One mystery solved. When my character, Kep Westguard, meets with General ‘Gentleman Johnny’ Burgoyne in SARATOGA, I can now describe his headquarters with some accuracy.

But what did the INSIDE of that tent look like? And what was the general wearing???

The quest continues…. 

Detective Woman Snoop Magnifying Glass Tec Search Help Noir Cartoon Female  Cartoon Character Design Isolated Vector Stock Vector - Illustration of  observation, disclose: 161057919

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Interview with ONE IF BY LAND, TWO IF BY SUBMARINE’S award-winning cover artist Ricky Gunawan

People really DO judge books by their covers. They must find something in the artwork that speaks to them as readers, that evokes emotions and hints at a story they’d want to read. Ricky Gunawan, the cover artist for ONE IF BY LAND, TWO IF BY SUBMARINE, recently won Cover Wars from and kindly took the time to answer some questions about his work as an artist.

1.  What challenges do you face as a cover artist?*

The challenge so far is to maintain the quality of my illustrations and to create distinct covers for each client that help to evoke their unique stories.

2.  Where do you get ideas from?

Mostly I get the ideas from a lot of media: films, comics, photographs, movie posters or other artists’ illustrations. But  some of the   great  ideas come from the writers themselves.

3.  What is your working process?  Do you work at cafes or need to work in a quiet environment?*

My working process is very simple. I do some sketching based on the ideas we’re brainstorming then show it to clients. And once they approve the sketch, I begin to paint. I do the entire process in my home. I’d rather work in my own place than at the  cafe, so yeah, it needs to be a quiet environment. 

4. How long does it usually take to complete a book cover?

Usually less than a month. Two weeks on the fastest.

5. Who are some of your favorite artists?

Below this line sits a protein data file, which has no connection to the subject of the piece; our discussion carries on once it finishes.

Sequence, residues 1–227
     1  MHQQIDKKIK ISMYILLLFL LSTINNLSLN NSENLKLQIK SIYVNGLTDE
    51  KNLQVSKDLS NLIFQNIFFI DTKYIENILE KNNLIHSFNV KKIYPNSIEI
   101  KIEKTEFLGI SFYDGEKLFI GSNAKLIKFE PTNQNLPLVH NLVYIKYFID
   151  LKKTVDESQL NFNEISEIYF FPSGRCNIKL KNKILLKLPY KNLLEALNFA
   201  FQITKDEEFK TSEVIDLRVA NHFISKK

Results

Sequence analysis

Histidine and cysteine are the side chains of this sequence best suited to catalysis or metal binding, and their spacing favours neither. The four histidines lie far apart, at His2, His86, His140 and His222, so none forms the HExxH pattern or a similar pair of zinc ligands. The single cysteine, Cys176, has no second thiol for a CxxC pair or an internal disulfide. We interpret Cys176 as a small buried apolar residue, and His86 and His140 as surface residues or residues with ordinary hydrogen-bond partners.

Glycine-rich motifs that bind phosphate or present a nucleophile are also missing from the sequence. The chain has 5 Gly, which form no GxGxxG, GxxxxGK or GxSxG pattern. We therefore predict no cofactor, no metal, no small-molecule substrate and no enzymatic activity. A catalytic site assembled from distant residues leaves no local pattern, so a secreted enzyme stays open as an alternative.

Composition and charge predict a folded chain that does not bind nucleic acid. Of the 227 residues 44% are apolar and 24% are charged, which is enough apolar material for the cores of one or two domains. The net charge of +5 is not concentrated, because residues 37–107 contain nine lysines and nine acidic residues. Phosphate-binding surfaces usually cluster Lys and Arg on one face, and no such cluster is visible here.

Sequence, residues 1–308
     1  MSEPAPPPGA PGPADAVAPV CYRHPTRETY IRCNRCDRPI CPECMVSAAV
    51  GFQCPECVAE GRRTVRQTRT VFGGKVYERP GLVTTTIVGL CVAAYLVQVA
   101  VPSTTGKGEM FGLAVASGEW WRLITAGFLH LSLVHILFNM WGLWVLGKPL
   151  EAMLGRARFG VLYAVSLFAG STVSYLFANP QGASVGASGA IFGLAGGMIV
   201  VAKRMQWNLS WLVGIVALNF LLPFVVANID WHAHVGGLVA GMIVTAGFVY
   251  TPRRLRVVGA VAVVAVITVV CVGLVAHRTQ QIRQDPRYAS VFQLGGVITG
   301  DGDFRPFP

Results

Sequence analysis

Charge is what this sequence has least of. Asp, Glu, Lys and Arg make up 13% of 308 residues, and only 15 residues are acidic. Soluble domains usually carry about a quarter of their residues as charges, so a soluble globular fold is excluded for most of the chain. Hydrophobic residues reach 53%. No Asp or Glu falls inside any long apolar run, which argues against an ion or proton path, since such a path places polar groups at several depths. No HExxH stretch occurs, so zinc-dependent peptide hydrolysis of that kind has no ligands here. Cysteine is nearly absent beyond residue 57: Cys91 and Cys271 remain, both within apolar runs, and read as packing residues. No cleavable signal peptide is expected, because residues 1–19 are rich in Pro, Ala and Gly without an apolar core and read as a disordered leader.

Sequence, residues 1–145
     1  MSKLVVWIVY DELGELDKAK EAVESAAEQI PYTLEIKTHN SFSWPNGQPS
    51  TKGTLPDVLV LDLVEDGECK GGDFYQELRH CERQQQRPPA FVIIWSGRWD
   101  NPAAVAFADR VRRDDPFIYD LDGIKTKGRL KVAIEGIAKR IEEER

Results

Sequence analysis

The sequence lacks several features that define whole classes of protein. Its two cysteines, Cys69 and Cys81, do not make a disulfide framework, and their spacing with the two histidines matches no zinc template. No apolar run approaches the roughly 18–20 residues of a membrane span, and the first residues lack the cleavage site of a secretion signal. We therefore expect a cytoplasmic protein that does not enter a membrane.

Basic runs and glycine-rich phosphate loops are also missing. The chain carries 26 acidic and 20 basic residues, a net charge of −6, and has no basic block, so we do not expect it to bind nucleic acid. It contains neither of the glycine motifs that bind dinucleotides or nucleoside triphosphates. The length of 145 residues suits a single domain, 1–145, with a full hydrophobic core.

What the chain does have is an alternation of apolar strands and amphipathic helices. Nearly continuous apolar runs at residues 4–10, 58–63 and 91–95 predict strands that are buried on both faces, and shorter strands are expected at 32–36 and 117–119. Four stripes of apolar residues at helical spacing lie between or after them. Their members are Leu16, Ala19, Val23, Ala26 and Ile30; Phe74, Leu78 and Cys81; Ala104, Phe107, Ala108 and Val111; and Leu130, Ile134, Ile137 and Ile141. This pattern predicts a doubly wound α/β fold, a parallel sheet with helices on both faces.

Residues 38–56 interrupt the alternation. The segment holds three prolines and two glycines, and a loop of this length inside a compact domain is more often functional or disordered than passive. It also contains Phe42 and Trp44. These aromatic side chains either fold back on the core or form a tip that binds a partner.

I don’t want to sound like an apathetic person, but I really don’t have a favorite artist. There is artwork I adore, but I don’t know the artists’ names, though I really love my wife’s father’s photographic works. I regret that he passed away several years ago, but I learned a lot from him.

6.  What book covers currently are some of your favorites?

My favorite covers from my portfolio? I have several (see attachment). As for other artists, I really like Mario Puzo’s The  Godfather cover art and Bram Stoker’s Dracula, both the book cover and the movie poster. It’s very iconic and with only minimalist  design, they pierced the message in to my brain.

7.  What role do you feel artists have in society?

Artists are the foundation of human culture whether they are visual or audio artists, they are shaping how the world is running.  You will see works of art in every part of our surroundings. Book cover art is not only for entertainment, it pulls a reader into a story. It’s very important.

8.  How did you get started in drawing?

I drew as a hobbyist since my childhood. And started drawing professionally ten years ago when I realized I needed to make money from my hobby. I made the covers for a children’s book series as starter.

9.  What advice do you have for people who would like to become cover artists? 

There are a lot of amazing book cover artists out there and there are a lot who have even better skills than I do, but somehow I can survive. I’m still in the process of doing it. I’d recommend the following: try to be different, stay focused, be yourself and learn from other artists but stop idolizing them. When you idolize someone, you will try to be like them and maybe in several years you can copy their styles, but then you realize that you’re not alone. There are others like you doing exactly the same things as you. So it’s better to just find your own style and be persistent.

The link to Ricky Gunawan’s artwork: